11 alleged gang members killed by Mexican troops

A gunbattle between Mexican soldiers and drug cartel gunmen near the border with Texas killed 11 alleged gang members and prompted the U.S. to reinforce security at international crossings, officials said Thursday.

The soldiers came under fire Wednesday afternoon when they were investigating a tip about the presence of armed men in the town of Nueva Ciudad Guerrero in Tamaulipas, the Mexican Defense Department said in a statement. Eleven of the gunmen were killed in the ensuing gunbattle but no troops were hurt, it said.

Afterward, soldiers arrested two surviving gunmen who told authorities they belonged to the Zetas drug gang, the statement said. Troops also seized nine assault rifles, four handguns a grenade launcher and ammunition.

Reports of the gunfire prompted the U.S. Customs and Border Protection to reinforce security at the Falcon Dam and Roma international crossing, agency spokesman Rick Pauza said. He said both crossings remained opened, however.

Mexico's southeastern border with the U.S. has a seen a surge in drug-gang violence this year since a turf war erupted between the Zetas and the Gulf cartel. Shootouts, assassination and blockades have become daily occurrences in Mexican cities and towns across the region.

Earlier Thursday, President Felipe Calderon acknowledged that drug-related violence in Mexico is at "intolerable and inadmissible levels" and called for united action across different branches of government.

Calderon, speaking at a meeting of state and federal officials on security matters, said the "ambition and absolute lack of scruples" of drug lords are to blame for the violence. But he also said government inaction was partly responsible for the escalation in violence and urged state and federal officials to work together to combat the violence.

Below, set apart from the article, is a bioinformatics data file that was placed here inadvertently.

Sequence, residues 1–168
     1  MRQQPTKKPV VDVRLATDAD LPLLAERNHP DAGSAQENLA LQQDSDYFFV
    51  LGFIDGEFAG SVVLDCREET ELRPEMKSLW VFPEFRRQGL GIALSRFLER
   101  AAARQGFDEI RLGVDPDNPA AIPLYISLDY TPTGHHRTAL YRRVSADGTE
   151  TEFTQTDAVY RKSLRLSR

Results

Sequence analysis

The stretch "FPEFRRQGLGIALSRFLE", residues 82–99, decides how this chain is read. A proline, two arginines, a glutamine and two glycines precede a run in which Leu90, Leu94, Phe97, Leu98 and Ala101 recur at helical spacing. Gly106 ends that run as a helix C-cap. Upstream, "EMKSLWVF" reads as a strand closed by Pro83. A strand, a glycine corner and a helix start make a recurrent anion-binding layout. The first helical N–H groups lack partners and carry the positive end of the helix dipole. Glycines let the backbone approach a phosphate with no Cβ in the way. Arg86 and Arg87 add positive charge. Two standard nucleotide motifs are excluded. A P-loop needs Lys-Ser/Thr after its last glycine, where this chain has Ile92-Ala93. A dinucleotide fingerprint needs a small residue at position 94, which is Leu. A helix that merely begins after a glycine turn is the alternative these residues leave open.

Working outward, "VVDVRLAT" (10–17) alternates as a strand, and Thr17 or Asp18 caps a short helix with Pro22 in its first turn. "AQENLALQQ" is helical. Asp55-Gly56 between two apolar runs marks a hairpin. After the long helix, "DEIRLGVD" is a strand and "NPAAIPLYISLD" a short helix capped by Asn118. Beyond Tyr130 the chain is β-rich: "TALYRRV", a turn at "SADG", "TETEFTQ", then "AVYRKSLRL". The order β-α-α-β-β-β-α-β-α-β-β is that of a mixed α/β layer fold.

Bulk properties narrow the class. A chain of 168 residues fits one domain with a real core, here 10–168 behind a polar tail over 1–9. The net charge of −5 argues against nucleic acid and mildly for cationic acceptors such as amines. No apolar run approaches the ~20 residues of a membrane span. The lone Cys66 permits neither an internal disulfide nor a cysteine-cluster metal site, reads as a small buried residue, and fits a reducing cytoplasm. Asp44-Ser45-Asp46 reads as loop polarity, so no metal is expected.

Nationwide, more than 28,000 people have died in drug violence since December 2006, when Calderon took office and intensified a crackdown on drug traffickers.

In the Caribbean resort city of Cancun, meanwhile, police discovered a house being used to package cocaine and marijuana in a residential area. Suspects fled the home as troops, acting on an anonymous tip, arrived at the house and there were no arrests, said Francisco Alor, the attorney general of Quintana Roo state, where Cancun is located.

Also in Cancun, the owner of a company that distributes plastic bags was shot to death in a parking lot near the hotel zone, according to the state Attorney General's Office.

Elsewhere in Quintana Roo, a mother, father and their adult son were found dead from gunshot wounds in Majahual, a fishing village near the border with Belize. The family, owned a seafood restaurant in the nearby city of Chetumal.

Police had not determine a motive for the killing of the family or the businessman, the attorney general's office said.

While Quintana Roo has not seen the levels of violence plaguing Mexico's northern border, the region is a major drug trafficking zone.


Associated Press writers Terry Wallace in Dallas and Gabriel Alcocer in Cancun contributed to this story.